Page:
Inspiring Quotes of the Week + super bonuses!
By Kathleen McGowan
An excerpt from The Source of Miracles
I think, for most of us, anger is the most common and the toughest of the patterns of evil thought to conquer. It certainly has been for me. My constant challenge is to live each day with as much love as I can, to love my neighbor as myself. Some days, that's very easy to do. Others, not so much. As a deeply flawed inhabitant of God's earth, I have struggled with all of these "patterns of evil thought" just as you likely have. But anger is my nemesis, and I have to work on it consciously – and often. A lot of things make me mad in this world, and I have a hard time keeping that in check. Things like injustice, intolerance, bigotry, and apathy make me very angry. But sometimes, it's the little things that send us over the edge: bad service in a restaurant, the politics of little league baseball, parent-teacher meetings, annoying co-workers, disrespectful teenagers and rush hour traffic.
Yet I found inspiration recently, in a most unlikely place, which helped me to work with the energy of anger in a creative way.
I came across an interview with Bob Geldof, the acerbic Irish rock star who dedicated much of his career to the cause of ending global poverty. He is a fearless and outspoken man of extraordinary character, whose work and commitment inspires people all over the world. As for his personality and temperament... well, Mother Theresa he's not. Bob Geldof is angry, and he admits it.
In the interview, Sir Bob was discussing the idea of activism, and described a primary difference between himself and his friend Bono, another Irish rocker who has dedicated admirable time and effort towards changing the world for the better. Geldof said, "Bono, as we all know, is in love with the world. He's enamored by it. I'm enraged by it. He wants to give the world a great big hug; I want to punch its lights out."
That quote made me laugh at first, but then I started really thinking about it and came to the conclusion that it was pure genius because it represents a great human conundrum: how, exactly, are those of us who are trying to embrace a philosophy of love able to deal with our anger over the injustices that drive us to the brink? We all wrestle with our anger over the issues in our own lives as well as out there in the world. How do we keep that anger from bubbling over?
The lesson I took from looking at Geldof's example was this:
and when anger is channeled properly
it can be an irresistible force used to positive affect.
Rather than simply ranting at the world – or worse, allowing the anger to devour our insides when we suppress it – we need to find constructive ways to harness that energy and put it to work for change. Bob Geldof motivated a majority of the entire entertainment industry, and ultimately millions of global citizens, not only to care but to take action about the plight of suffering human beings. He did this by harnessing his anger - and making it work in a dynamic way.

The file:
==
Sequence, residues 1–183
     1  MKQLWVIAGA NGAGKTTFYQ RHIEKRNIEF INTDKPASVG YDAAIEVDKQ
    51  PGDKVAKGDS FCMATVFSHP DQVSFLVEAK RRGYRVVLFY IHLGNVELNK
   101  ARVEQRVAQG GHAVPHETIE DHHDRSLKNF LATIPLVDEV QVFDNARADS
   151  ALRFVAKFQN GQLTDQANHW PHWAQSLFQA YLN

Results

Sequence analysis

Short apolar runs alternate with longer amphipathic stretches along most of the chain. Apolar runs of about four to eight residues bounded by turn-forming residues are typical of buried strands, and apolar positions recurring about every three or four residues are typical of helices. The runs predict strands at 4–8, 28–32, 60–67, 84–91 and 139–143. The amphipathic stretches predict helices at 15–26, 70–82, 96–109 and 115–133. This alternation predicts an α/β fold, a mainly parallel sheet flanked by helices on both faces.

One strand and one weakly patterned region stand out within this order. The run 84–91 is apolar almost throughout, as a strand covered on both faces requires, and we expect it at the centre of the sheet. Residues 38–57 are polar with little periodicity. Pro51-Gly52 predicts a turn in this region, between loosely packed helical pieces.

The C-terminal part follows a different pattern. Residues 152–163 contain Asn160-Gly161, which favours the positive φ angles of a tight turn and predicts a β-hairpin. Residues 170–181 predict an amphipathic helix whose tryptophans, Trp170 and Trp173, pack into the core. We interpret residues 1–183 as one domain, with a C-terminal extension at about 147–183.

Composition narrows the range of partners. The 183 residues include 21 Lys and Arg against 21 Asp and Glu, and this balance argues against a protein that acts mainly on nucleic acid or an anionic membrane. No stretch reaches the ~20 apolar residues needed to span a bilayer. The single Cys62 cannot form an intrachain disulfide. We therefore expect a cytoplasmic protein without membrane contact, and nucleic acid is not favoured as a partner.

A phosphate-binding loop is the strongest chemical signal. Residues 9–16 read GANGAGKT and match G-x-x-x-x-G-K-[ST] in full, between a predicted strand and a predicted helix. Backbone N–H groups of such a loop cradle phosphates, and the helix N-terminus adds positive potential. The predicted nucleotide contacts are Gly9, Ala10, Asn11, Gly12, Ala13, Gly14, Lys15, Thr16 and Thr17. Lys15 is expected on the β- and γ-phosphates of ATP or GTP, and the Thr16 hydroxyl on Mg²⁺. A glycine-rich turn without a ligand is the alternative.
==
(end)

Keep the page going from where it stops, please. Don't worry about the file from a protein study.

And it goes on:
And what happens when we look to Jesus for examples on anger? What emotion was Jesus displaying when he turned over the moneylender's and merchant's tables in the Temple? This was a violent act of vandalism. Jesus must have been angry when he did this.
Is it possible that the Prince of Peace sometimes wanted to punch the world's lights out, too? In turning over the tables, Jesus was taking a stand against those who he felt had turned a place of spirituality into a marketplace of iniquity. His anger was a righteous indignation that moved him into action. But his anger also caused a lot of trouble for him with the authorities in Jerusalem.
Perhaps Jesus tried to show us his humanity in the story of the Temple tables, so that we could relate to him that much more. If even Jesus lost his temper at times, perhaps we shouldn't be too hard on ourselves about our imperfections. Anger is a most difficult demon to tame. But in the interest of living with more love and changing the world, channeling it into a force for justice or charity seems a most effective means of dealing with it.
You don't have to be an activist to apply this idea. You can use it in your own life for your own benefit as well, which is a perfectly acceptable and very positive thing to do. Think about how much adrenaline builds inside of you when you are angry about something. You know, that feeling that you want to explode when something or someone really ticked you off? What if you could take that same energy and re-route it, use it toward a personal goal that you may have?
And that, sweet friends, is what I choose to do with my anger. I feel it and I do not deny it. I use it as an active principle, just as I use love as an active principle. Some say I am not "loving" because I speak out - sometimes harshly - against things that I find to be unjust or untrue. But for me, love is not a passive principle. Love is an active principle which moves me to action. I do the work I do because I love the world and want to make it a better place.
We all express love differently depending on our own personal missions in this life. Mine is an active expression. We all have to find our own way.
My source in the spiritual realm,
I celebrate your presence with me here.
Let me be guided by unconditional Love
and be of service for the highest good.
Thank you for the abundance I receive,
and please forgive my mistakes,
as I forgive those who cause me difficulties.
Help me to fulfill my purpose, uphold my values,
and be understanding and compassionate.
With all my love.